While these prior known methods and devices for repairing fluid carrying members provide satisfactory results, there exists a need for a method and means for quickly repairing fluid carrying members such as where the ends or connections to valves, distribution systems, etc. have been destroyed. This was exemplified by the Kuwait oil fields wherein control of the flow of oil and the extinguishing of oil fires required replacement of oil casing flanges, couplings, extensions to storage or distribution systems, etc. which had been destroyed.
The present invention fills that need by providing an internal pipe attachment mechanism wherein one end thereof is inserted into the damaged fluid carrying members, such as a pipe, casing, etc. and mechanically secured and sealed therein, while the other end includes a flange, coiling, etc. or a similar internal attachment mechanism for inserting into another pipe, etc. for extending the fluid carrying member. Thus, the present invention provides an attachment mechanism which can be rapidly installed in exposed ends of the fluid carrying members for repairing damaged member's or extending the length of such members.
It is an object of the present invention to provide an attachment mechanism for fluid carrying members.
It is a further object of the invention to provide an internally secured attachment mechanism for an end of a fluid carrying member.
A further object of the invention to provide an attachment mechanism which is internally mounted in an end of at least one fluid carrying member.
Another object of the invention is to provide an attachment mechanism which is secured at one end to an internal wall or surface of a fluid carrying member and provided at an opposite end with means, such as a flange or coupling for connecting to a point of use.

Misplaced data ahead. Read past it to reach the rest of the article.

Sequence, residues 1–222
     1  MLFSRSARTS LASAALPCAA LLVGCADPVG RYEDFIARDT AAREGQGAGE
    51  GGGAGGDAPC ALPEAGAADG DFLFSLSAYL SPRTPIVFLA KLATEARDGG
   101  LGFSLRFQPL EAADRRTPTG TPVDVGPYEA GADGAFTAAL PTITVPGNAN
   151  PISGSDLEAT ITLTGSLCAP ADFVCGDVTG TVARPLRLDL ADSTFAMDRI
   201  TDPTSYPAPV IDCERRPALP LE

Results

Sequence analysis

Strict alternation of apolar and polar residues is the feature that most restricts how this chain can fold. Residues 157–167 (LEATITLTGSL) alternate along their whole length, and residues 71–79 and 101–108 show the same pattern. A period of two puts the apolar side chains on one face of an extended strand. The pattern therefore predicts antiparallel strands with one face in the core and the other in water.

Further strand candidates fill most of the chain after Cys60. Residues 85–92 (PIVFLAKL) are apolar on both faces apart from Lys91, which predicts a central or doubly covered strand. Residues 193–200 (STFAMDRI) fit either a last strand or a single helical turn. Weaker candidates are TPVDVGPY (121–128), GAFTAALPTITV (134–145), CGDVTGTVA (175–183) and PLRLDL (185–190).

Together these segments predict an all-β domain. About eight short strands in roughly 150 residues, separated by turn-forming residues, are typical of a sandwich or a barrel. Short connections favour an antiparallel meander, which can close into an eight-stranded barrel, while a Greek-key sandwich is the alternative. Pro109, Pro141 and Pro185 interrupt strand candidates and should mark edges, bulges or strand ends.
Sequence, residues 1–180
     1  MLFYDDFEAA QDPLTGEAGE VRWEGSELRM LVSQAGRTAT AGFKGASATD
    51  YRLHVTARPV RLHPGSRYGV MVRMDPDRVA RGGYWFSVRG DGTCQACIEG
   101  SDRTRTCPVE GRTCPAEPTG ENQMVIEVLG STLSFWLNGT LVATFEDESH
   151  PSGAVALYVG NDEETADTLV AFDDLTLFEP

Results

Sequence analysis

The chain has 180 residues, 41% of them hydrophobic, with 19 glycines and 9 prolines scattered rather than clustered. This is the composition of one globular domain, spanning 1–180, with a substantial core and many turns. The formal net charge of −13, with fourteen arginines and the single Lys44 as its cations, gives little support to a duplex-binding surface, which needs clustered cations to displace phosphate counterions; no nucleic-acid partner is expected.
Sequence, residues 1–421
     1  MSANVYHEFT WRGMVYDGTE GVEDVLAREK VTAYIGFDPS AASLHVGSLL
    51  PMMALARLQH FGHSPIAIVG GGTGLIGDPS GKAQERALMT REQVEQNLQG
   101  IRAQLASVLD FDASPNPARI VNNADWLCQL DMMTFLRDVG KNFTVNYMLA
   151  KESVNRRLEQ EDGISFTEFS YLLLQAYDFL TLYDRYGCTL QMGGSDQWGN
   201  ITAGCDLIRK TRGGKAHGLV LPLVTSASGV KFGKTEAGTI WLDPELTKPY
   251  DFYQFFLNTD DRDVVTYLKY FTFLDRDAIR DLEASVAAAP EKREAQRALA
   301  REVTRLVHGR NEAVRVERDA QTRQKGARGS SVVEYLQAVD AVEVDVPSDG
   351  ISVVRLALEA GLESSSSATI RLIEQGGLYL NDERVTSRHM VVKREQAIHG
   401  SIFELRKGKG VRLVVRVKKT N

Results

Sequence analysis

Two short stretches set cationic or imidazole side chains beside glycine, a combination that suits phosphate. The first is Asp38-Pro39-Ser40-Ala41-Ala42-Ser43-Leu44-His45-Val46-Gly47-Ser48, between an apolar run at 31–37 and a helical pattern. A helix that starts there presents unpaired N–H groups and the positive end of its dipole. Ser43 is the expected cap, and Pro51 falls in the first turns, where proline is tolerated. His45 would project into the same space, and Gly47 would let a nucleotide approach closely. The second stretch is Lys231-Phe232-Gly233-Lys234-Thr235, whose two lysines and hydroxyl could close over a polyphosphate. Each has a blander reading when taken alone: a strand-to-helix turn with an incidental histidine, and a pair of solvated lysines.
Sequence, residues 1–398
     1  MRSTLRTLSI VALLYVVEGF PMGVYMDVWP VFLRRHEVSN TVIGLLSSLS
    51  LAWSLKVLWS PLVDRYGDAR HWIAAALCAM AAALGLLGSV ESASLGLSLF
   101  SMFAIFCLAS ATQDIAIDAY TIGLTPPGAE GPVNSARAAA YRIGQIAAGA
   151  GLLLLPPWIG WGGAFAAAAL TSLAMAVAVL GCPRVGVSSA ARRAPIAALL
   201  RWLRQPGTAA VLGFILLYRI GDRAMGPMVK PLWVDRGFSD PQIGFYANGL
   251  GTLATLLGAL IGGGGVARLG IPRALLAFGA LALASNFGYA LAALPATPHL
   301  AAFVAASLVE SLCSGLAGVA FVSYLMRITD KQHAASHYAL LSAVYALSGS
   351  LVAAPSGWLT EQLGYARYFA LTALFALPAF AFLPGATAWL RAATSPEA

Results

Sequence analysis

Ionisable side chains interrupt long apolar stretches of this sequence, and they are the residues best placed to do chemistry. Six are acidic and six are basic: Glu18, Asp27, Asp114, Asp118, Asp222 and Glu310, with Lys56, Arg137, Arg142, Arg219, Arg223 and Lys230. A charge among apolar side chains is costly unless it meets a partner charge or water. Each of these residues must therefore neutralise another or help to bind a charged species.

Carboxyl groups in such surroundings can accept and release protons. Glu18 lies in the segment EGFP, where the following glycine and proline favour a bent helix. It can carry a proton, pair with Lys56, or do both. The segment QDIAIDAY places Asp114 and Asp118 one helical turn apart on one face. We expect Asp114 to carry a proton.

Another object of the invention is to provide an internal pipe attachment mechanism having spring tempered fingers for providing a mechanical connection to a pipe in which it is inserted.
Another object of the invention is to provide an internal pipe attachment mechanism which includes spring tempered fingers and a seal assembly, wherein activation of the spring tempered fingers produce a mechanical connection to an inner wall of a pipe in which it is inserted and causes crushing of the seal assembly to produce a seal with the inner wall of the pipe.
Still another object of the invention is to provide means for repairing and/or interconnecting fluid carrying members without requiring additional components for installation.
Other objects and advantages of the invention will become apparent from the following description and accompanying drawing. It is to be understood that the term fluid carrying member, described hereinafter as a pipe or casing, includes casings, pipes, conduits, lines, tubes, etc. which are capable of carrying or transporting a fluid in either liquid or gaseous form. Also, while the description of the invention is set forth hereinafter in an application for use in oil well casings and pipes, such is not intended to limit its use, as the invention can be utilized in heat exchangers, pipelines, water systems, natural gas systems, refinery systems, etc. involving either liquid or gaseous materials.